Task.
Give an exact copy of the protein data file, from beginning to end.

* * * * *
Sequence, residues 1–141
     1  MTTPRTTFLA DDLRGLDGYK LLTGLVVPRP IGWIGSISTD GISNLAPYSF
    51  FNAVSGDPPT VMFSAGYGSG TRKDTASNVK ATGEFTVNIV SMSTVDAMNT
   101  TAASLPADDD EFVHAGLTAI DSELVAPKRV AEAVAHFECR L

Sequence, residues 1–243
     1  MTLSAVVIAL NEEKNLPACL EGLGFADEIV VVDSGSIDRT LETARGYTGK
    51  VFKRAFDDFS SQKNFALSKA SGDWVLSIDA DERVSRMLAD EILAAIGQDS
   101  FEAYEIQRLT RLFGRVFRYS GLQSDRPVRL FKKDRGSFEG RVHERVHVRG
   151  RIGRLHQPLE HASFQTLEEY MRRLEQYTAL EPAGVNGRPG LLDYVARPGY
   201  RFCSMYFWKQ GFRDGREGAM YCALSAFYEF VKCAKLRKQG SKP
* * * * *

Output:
Sequence, residues 1–141
     1  MTTPRTTFLA DDLRGLDGYK LLTGLVVPRP IGWIGSISTD GISNLAPYSF
    51  FNAVSGDPPT VMFSAGYGSG TRKDTASNVK ATGEFTVNIV SMSTVDAMNT
   101  TAASLPADDD EFVHAGLTAI DSELVAPKRV AEAVAHFECR L

Sequence, residues 1–243
     1  MTLSAVVIAL NEEKNLPACL EGLGFADEIV VVDSGSIDRT LETARGYTGK
    51  VFKRAFDDFS SQKNFALSKA SGDWVLSIDA DERVSRMLAD EILAAIGQDS
   101  FEAYEIQRLT RLFGRVFRYS GLQSDRPVRL FKKDRGSFEG RVHERVHVRG
   151  RIGRLHQPLE HASFQTLEEY MRRLEQYTAL EPAGVNGRPG LLDYVARPGY
   201  RFCSMYFWKQ GFRDGREGAM YCALSAFYEF VKCAKLRKQG SKP